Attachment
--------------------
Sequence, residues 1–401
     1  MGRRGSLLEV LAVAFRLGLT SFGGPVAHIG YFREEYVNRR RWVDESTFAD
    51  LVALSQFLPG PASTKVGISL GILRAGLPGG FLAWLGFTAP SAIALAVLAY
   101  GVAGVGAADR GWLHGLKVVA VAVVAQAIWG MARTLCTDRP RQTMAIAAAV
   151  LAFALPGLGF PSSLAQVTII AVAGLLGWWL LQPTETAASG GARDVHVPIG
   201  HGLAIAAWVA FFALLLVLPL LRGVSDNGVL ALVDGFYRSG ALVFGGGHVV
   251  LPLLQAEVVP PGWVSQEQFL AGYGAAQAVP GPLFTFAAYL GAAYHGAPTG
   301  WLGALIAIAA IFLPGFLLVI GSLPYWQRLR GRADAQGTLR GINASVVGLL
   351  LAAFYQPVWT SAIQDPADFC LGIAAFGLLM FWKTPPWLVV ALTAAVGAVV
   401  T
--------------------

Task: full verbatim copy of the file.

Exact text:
Sequence, residues 1–401
     1  MGRRGSLLEV LAVAFRLGLT SFGGPVAHIG YFREEYVNRR RWVDESTFAD
    51  LVALSQFLPG PASTKVGISL GILRAGLPGG FLAWLGFTAP SAIALAVLAY
   101  GVAGVGAADR GWLHGLKVVA VAVVAQAIWG MARTLCTDRP RQTMAIAAAV
   151  LAFALPGLGF PSSLAQVTII AVAGLLGWWL LQPTETAASG GARDVHVPIG
   201  HGLAIAAWVA FFALLLVLPL LRGVSDNGVL ALVDGFYRSG ALVFGGGHVV
   251  LPLLQAEVVP PGWVSQEQFL AGYGAAQAVP GPLFTFAAYL GAAYHGAPTG
   301  WLGALIAIAA IFLPGFLLVI GSLPYWQRLR GRADAQGTLR GINASVVGLL
   351  LAAFYQPVWT SAIQDPADFC LGIAAFGLLM FWKTPPWLVV ALTAAVGAVV
   401  T